What performs better on a RasPi: Apache, Lighttpd or Nginx?

Improving WordPress performance

Immediately after Nginx installation, my server response time increased to more than 8 seconds. I was able to solve this problem by removing several widgets and all plugins for WordPress optimization which were installed previously. Next, I installed the W3 total cache plugin and enabled most of it’s default features, except CDN, Reverse Proxy, Monitoring, Debug and everything that’s found under Miscellaneous settings. Make sure to have zlib_compression disabled in /etc/php5/fpm/php.ini.

zlib.output_compression = Off

The W3 total cache plugin generates a configuration file (nginx.conf) within the server’s root directory (/var/www). I copied all settings between the lines reading #BEGIN W3TC Minify cache and #END W3TC Minify core into the server{} block of my /etc/nginx/sites-enabled/default file. As a result, the server response dropped to 0.5 to 2 seconds which is a tremendous improvement. All content is delivered as “static” pages and doesn’t need to be prepared each time by running a bunch of php scripts, consuming precious RAM and CPU time on the Pi.

Other Tweaks

By browsing my log files, I noticed frequent login attempts trying to guess user names and passwords. Therefore, you should block all queries for author names on your server such as:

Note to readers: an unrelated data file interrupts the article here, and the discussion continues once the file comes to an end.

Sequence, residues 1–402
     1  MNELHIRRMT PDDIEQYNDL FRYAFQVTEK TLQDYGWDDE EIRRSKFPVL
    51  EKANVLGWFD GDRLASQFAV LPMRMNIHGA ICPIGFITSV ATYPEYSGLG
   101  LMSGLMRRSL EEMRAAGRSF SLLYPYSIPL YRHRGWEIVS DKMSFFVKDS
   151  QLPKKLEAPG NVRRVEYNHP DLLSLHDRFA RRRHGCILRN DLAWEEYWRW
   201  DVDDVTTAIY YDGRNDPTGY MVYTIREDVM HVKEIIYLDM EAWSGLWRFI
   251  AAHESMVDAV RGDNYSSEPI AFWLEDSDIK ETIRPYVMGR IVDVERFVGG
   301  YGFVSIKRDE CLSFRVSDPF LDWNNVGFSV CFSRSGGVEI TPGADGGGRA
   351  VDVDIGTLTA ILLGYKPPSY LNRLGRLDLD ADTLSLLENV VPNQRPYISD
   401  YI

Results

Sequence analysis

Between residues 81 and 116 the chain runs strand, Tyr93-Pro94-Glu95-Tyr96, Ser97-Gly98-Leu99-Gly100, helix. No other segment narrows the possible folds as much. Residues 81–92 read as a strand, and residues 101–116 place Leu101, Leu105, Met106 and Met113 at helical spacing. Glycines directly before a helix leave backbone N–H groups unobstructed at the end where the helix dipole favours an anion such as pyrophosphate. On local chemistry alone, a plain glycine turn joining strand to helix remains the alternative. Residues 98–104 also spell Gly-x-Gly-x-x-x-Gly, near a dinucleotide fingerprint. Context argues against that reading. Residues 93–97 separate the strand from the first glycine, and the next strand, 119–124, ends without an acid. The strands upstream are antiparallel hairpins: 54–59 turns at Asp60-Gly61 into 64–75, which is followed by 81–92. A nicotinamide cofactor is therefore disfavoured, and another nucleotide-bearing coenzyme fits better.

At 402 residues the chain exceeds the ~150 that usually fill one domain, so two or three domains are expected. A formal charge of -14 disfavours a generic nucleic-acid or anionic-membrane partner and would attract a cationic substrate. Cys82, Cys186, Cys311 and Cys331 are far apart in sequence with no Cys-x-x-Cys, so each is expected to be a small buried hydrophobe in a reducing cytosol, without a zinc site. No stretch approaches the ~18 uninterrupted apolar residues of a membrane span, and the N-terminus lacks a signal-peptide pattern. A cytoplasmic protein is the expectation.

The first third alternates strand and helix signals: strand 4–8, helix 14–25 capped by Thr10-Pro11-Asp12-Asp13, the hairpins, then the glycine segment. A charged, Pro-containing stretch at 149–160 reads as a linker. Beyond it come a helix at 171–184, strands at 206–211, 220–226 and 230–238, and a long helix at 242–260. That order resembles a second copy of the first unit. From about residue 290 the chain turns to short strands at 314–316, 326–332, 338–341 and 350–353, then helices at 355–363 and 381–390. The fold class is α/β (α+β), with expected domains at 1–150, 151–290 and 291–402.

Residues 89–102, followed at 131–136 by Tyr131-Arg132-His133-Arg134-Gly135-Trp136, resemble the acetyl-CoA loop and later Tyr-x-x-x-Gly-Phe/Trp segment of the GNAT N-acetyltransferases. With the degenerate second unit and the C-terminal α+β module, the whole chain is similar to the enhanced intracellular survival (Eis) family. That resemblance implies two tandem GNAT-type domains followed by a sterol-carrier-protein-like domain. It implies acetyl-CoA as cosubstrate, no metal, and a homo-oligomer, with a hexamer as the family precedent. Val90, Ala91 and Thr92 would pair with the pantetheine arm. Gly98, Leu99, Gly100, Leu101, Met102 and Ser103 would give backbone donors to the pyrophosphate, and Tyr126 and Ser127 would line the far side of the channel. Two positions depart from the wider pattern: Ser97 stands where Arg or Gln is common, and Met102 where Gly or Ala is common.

http://localhost/wordpress/?author=1

Queries can be filtered by placing some regular expressions into the server{} block of /etc/nginx/sites-available/default:

if ($query_string ~ ^/?author=([0-9]*)) {
                return 444;
}

I observed that these attempts frequently come from specific IP adressess. Although you may want to install an IP-filter to block them, you can add an additional layer of security by blocking specific browser languages:

if ( $http_accept_language ~ ^(..) ) {
        set $lang $1;
}

# replace xx, yy, zz with the country code you want to block 
if ($lang ~* (xx|yy|zz)) {
                return 444;
}

A list of two-character country codes can be found on this page. To add an additional layer of security, you should also restrict access to the WordPress backend by protecting the wp-admin folder with a password. To store encrypted passwords in an htpasswd file, you must first apt-get install apache2-utils. Passwords can be stored with:

$ htpasswd -c /etc/nginx/htpasswd

At best, create a user name that doesn’t exist on your RasPi or WordPress installation. Furthermore, place the following lines into the server{} block of /etc/nginx/sites-available/default and sudo service reload nginx.

location ~* /wp-login.php {
                auth_basic "Restricted Area: Admin";
                auth_basic_user_file /etc/nginx/htpasswd;
                try_files $uri =404;
                fastcgi_split_path_info ^(.+\.php)(/.+)$;
                fastcgi_pass unix:/var/run/php5-fpm.sock;
                fastcgi_index index.php;
                include fastcgi_params;
}

Conclusion

Nginx turned out to be the right choice for the Raspberry Pi. It’s easy to configure and performs well in combination with the W3 total cache plugin.

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